The three judge bench of Justice Arun Mishra, Justice Vineet Saran and Justice S Ravindra Bhat, on 19th February pronounced its verdict that Judicial Officers cannot be appointed as District Judges through the direct recruitment under the quota reserved for the members of the bar. The quotas which are embarked for the members of the bar requires a continues practice of more than 7 years, and thus subordinate judicial officers are not eligible for applying for direct recruitment.
The issue regarding whether Civil Judges can apply for direct recruitment to the post of District Judge through the quotas reserved for the members of the Bar was referred to the bench in the case of Dheeraj Mor v. Hon’ble High Court of Delhi. Observing the matter involved substantial question of law in to interpretation of Article 233 of the Constitution of India, the division bench made a reference on January 23rd, 2018.
The two issues raised by the petitioners were:
“(i) In case a candidate has completed 7 years of practice as an advocate, he/she shall be an eligible candidate despite the fact that on the date of the application/appointment, he/she is in the service of the Union or the State;
(ii) The members who are in judicial service as Civil Judge, Junior Division or Senior Division, in case they have completed 7 years as Judicial Officers or seven years as Judicial Officer-cum-Advocate, they should be treated as eligible candidates.”
- The Court held that when someone opts for a particular stream, i.e. Judicial Services by his own choice, he cannot sail in two boats.
- The Court further added that, if one of those source or sources are permitted to compete in the quota embarked for the other without the converse situation the result would rank as discrimination.
The Supreme Court’s verdict
The Three Judge Bench of Justice Arun Mishra, Justice Vineet Saran and Justice S Ravindra Bhat held that, “when someone joins a particular stream, i.e. a judicial service by his own volition, he cannot sail in two boats. His chance to occupy the post of District Judge would be by a twofold channel, either in the 50% seniority/merit quota, by promotion, or the quota for limited competitive examination. There is a stream (of appointment) for inservice candidates of higher judiciary in the High Court and another stream clearly earmarked for the Bar.”
The Supreme Court went on to add that another reason for appointment of members of bar was to benefit the Court from the experience gained by the practicing lawyers while appearing before various Courts. The Court also noted to the point that, the Constitutional Scheme of delineating the two streams of recruitment has been recognized by the Courts consistently for over many years. Another concurring opinion of the Court was, the recognition of separate streams of recruitment for in-service candidates and candidates from the Bar is in line with the Constitutional Scheme.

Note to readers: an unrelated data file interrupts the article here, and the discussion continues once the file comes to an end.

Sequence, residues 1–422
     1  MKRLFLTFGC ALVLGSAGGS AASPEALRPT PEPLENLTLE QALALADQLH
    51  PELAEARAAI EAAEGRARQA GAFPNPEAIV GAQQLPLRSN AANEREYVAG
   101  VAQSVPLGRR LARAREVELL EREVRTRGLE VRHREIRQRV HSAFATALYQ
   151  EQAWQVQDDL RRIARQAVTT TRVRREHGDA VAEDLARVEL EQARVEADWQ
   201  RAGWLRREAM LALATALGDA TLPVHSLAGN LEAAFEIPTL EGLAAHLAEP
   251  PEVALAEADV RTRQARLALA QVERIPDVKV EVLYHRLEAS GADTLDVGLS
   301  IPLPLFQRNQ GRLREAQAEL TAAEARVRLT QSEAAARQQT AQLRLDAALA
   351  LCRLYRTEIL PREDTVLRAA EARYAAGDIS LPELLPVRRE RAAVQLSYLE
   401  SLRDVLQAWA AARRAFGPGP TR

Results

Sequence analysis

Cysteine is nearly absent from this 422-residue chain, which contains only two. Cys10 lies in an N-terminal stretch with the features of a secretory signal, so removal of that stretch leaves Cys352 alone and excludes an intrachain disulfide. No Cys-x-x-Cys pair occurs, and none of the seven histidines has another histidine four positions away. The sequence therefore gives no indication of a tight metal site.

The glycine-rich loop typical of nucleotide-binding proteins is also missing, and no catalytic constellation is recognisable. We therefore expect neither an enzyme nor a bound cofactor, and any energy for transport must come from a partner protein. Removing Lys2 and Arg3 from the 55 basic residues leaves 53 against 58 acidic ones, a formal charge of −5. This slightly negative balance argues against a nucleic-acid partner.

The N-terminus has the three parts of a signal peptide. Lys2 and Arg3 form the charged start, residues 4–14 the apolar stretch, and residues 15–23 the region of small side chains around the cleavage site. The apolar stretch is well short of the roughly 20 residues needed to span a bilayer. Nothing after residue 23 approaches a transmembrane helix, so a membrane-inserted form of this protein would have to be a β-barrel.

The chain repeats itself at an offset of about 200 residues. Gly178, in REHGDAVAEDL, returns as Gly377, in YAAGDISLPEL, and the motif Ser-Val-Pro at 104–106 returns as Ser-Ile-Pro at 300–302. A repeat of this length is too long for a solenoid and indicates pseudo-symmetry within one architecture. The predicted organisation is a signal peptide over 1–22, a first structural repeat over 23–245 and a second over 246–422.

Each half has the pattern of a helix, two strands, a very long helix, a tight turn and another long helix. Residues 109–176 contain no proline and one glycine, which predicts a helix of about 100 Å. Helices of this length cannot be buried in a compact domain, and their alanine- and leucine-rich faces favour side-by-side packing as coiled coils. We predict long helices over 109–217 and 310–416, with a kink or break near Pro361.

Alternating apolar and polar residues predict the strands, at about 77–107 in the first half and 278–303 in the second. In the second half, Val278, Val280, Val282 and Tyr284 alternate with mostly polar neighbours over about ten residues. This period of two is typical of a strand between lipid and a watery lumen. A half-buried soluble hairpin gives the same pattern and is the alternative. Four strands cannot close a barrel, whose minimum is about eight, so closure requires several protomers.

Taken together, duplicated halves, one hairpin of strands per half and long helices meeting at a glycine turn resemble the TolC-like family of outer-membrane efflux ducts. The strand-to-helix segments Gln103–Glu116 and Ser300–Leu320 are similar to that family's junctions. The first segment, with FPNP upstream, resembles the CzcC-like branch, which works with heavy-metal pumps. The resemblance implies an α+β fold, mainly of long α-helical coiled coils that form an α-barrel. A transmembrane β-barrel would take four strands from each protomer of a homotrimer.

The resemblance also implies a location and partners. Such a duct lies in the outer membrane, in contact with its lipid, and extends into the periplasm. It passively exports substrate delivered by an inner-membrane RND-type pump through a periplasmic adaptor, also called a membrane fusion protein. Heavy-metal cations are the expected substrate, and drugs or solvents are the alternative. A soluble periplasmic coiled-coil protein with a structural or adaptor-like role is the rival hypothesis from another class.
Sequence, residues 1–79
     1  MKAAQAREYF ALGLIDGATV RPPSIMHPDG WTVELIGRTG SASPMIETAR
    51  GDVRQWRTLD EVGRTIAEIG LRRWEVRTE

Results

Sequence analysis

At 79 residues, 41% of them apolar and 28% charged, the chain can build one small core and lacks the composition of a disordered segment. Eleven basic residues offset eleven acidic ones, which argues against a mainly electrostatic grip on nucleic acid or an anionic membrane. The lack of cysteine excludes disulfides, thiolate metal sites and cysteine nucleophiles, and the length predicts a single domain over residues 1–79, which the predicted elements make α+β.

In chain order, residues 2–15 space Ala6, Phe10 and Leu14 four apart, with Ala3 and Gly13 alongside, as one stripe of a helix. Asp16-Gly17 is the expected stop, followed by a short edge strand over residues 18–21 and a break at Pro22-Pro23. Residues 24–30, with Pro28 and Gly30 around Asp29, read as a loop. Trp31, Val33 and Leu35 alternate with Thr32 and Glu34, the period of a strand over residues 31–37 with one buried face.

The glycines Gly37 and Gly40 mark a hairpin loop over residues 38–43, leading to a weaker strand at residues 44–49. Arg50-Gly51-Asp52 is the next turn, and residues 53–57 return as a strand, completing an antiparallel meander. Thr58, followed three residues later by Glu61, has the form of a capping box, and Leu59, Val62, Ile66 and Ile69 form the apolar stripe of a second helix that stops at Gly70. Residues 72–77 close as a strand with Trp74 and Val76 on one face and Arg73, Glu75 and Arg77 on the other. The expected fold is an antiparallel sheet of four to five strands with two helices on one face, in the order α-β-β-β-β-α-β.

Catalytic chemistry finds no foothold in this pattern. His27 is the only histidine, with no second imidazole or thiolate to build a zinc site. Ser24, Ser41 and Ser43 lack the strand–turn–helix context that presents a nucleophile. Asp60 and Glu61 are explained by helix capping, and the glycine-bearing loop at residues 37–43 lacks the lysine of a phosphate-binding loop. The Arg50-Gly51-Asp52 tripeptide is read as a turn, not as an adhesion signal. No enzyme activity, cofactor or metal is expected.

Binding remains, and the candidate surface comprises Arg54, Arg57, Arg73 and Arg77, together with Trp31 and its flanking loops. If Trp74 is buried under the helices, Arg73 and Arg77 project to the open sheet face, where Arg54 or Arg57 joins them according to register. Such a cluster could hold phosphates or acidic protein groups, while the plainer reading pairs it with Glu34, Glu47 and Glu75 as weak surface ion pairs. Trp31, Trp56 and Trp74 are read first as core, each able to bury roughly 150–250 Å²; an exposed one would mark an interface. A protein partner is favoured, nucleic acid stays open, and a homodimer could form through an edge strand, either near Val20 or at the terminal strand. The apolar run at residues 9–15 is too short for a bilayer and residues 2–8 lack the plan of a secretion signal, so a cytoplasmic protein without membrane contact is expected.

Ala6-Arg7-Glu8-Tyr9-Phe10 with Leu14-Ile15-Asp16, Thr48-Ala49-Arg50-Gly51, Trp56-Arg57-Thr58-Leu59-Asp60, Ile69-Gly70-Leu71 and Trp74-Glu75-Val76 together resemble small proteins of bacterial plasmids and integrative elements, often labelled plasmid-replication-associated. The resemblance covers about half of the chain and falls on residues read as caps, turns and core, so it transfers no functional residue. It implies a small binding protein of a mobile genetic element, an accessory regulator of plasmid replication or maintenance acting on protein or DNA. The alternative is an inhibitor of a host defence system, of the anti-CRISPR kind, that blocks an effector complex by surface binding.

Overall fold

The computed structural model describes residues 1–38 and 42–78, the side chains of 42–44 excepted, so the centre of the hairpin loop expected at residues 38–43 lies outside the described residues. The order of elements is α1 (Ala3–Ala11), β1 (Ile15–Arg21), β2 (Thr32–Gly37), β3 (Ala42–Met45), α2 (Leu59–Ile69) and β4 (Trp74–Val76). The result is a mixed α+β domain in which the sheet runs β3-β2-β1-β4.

The Court Further added, “If one those in one stream, or source- i.e. judicial officers- are permitted to compete in the quota earmarked for the other (i.e. advocates) without the converse situation (i.e. advocates competing in the quota earmarked for judicial officers- an impossibility) the result would be rank discrimination”
Having similar observation, all the three judges opined that, the decision to earmark slots for advocate was also underscored by the recognition that they would bring a unique perspective in the interpretation of laws. The Court said:
“The Constitution makers were aware that the judicial branch had to be independent, and at the same time, reflect a measure of diversity of thought, and approach. This is borne out by eligibility conditions spelt out clearly in regard to appointments at every level of both the lower and higher judiciary: the District court, the High Courts and the Supreme Court. In regard to judicial positions in each of these institutions, the Constitution enables appointments, from amongst members of the Bar, as its framers were acutely conscious that practicing advocates reflect independence and are likely offer a useful attribute, i.e. ability to think differently and have novel approaches to interpretation of the laws and the Constitution, so essential for robustness of the judiciary, as well as society as a whole.”
Edited by J. Madonna Jephi
Approved & Published – Sakshi Raje
1. Dheeraj Mor v. Hon’ble High Court of Delhi, Civil Appeal No. 1698 of 2020